Innovative 5G services will generate USD15.4 billion in the Middle East and North Africa (MENA) region by 2034, according to a report by the GSMA. Countries like the United Arab Emirates and Saudi Arabia alongside other Gulf states are forecast to contribute the largest share. This is subject to the availability of necessary radio frequencies, including those known as 'millimeter wave' frequencies that will deliver ultra-high capacity and ultra-high-speed services.
Over 3,000 delegates from 190 nations will gather at the WRC-19 where the 5G mmWave spectrum will be identified and how it may be used. European countries are determined to limit the use of this spectrum due to unfounded claims of potential interference with some space services. Technical services supported by Africa, the Americas and Arab states have demonstrated that 5G can co-exist safely and efficiently alongside weather-sensing services, commercial services and others.
In addition to bringing high-speed connectivity to homes and offices without the high deployment costs of fixed infrastructure, mmWave 5G opens up new possibilities for economic growth across the region. Both 5G and mmWave together create low-lag, data intensive applications that can transform a wide variety of industries and use cases.
A new breed of 5G applications will enable industries to make a much larger economic impact than ever before whilst becoming safer and more efficient. In the MENA region, professional and financial services are expected to contribute the most to GDP growth from mmWave, making up 34 per cent of the total growth. Many Gulf nations are fossil fuel rich, making the manufacturing and utilities sector the second largest driver of economic growth through mmWave with 29 per cent.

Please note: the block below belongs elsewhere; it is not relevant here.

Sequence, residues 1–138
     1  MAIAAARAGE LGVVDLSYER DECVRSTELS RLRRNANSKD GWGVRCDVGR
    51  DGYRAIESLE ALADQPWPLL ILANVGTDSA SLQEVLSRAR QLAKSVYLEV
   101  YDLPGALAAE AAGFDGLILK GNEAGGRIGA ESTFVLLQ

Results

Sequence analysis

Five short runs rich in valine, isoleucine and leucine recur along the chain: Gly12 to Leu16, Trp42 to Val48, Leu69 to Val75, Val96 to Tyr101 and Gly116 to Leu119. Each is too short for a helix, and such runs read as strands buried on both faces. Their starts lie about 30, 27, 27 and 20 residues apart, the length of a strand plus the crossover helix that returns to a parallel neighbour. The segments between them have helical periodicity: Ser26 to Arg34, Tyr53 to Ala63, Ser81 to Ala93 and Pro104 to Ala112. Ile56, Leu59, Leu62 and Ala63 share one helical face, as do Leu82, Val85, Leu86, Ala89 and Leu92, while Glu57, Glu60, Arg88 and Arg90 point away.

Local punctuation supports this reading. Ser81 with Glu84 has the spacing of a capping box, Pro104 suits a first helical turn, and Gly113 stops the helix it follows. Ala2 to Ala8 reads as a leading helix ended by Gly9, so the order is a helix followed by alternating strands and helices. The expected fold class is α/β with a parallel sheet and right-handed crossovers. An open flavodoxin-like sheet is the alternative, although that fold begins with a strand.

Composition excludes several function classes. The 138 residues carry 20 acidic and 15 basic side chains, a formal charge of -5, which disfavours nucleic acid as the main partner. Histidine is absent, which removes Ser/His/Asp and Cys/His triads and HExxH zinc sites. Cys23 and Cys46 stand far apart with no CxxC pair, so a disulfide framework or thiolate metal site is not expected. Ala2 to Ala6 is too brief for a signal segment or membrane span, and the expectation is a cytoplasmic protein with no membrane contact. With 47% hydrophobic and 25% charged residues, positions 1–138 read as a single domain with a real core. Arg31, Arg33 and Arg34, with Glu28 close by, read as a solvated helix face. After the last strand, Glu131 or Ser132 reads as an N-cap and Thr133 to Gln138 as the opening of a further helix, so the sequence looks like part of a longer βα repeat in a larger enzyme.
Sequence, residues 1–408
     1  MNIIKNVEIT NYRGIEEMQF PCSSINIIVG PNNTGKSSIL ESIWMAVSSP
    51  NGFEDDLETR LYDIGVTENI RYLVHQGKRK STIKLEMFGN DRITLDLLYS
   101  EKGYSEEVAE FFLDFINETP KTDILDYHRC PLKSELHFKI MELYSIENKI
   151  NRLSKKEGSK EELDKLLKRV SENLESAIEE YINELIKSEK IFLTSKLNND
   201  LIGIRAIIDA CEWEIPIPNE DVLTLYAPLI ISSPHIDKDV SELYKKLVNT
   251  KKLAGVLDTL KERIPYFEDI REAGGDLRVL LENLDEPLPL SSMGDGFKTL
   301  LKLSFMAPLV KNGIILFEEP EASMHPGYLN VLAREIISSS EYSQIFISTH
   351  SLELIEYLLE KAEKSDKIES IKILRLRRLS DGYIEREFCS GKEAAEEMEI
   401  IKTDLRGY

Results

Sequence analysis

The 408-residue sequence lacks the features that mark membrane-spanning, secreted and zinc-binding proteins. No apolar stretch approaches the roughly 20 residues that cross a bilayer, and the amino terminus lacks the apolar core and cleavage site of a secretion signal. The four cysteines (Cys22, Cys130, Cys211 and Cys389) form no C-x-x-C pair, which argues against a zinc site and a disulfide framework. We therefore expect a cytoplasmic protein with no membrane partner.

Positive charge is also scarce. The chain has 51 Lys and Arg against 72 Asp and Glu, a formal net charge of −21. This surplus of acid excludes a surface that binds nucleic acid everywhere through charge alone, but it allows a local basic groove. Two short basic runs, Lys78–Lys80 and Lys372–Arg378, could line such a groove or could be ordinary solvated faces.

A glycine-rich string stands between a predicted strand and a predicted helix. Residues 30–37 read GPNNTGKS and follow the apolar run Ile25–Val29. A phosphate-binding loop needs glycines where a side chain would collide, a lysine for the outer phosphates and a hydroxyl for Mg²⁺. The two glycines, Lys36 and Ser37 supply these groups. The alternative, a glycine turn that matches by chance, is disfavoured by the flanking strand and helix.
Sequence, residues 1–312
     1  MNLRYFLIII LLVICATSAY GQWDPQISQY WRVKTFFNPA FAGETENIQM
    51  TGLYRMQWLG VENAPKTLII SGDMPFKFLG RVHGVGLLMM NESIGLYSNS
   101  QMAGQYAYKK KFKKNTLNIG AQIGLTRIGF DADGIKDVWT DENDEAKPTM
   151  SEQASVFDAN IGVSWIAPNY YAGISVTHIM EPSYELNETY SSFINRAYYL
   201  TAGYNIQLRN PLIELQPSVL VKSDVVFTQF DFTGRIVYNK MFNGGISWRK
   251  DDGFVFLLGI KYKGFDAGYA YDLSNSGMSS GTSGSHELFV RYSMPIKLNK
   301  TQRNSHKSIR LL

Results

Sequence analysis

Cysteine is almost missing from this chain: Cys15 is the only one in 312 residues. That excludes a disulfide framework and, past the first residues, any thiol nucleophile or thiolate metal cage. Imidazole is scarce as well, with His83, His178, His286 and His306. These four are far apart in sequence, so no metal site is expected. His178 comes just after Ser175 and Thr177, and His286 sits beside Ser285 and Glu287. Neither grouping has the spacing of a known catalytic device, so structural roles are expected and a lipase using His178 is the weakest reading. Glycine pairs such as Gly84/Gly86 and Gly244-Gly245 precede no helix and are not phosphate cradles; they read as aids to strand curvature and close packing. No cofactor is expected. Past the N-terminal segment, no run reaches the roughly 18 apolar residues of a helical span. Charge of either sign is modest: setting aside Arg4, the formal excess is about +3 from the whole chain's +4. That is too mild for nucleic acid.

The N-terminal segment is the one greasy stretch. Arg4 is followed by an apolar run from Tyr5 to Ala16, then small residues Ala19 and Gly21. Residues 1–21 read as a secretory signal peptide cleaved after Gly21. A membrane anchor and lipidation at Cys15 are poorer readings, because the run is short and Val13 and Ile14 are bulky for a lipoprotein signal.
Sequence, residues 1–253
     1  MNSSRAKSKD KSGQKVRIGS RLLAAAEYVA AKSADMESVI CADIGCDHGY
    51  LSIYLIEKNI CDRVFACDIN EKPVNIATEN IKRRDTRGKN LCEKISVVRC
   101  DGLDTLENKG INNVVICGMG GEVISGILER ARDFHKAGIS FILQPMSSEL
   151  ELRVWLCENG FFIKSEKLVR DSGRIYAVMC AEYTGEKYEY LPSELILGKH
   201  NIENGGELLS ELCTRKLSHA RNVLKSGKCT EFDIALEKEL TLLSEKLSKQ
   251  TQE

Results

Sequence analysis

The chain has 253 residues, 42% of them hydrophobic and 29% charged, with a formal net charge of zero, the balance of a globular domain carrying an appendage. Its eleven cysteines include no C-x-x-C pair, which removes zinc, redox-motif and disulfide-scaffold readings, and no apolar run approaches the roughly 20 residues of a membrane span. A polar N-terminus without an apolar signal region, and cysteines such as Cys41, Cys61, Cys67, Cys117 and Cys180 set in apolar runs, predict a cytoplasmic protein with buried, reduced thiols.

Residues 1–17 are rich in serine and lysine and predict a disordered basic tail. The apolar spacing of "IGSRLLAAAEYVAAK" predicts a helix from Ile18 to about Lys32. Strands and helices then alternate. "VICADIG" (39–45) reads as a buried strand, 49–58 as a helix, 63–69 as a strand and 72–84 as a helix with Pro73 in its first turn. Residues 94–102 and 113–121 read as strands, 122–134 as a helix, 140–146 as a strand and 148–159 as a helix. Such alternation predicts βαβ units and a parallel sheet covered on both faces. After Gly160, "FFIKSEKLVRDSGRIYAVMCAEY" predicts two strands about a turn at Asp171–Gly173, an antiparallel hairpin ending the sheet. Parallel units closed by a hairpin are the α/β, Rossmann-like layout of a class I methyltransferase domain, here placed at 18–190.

Jawad Abbassi, the head of GSMA for the MENA region says, “WRC-19 is the only opportunity for years to come for countries to identify mmWave spectrum for 5G use, enabling the delivery of innovative new services for their citizens and industries. The MENA region stands to benefit from better healthcare and education, as well as new benchmarks in industrial productivity, entertainment services and smart transport, but only if we can secure the needed spectrum.”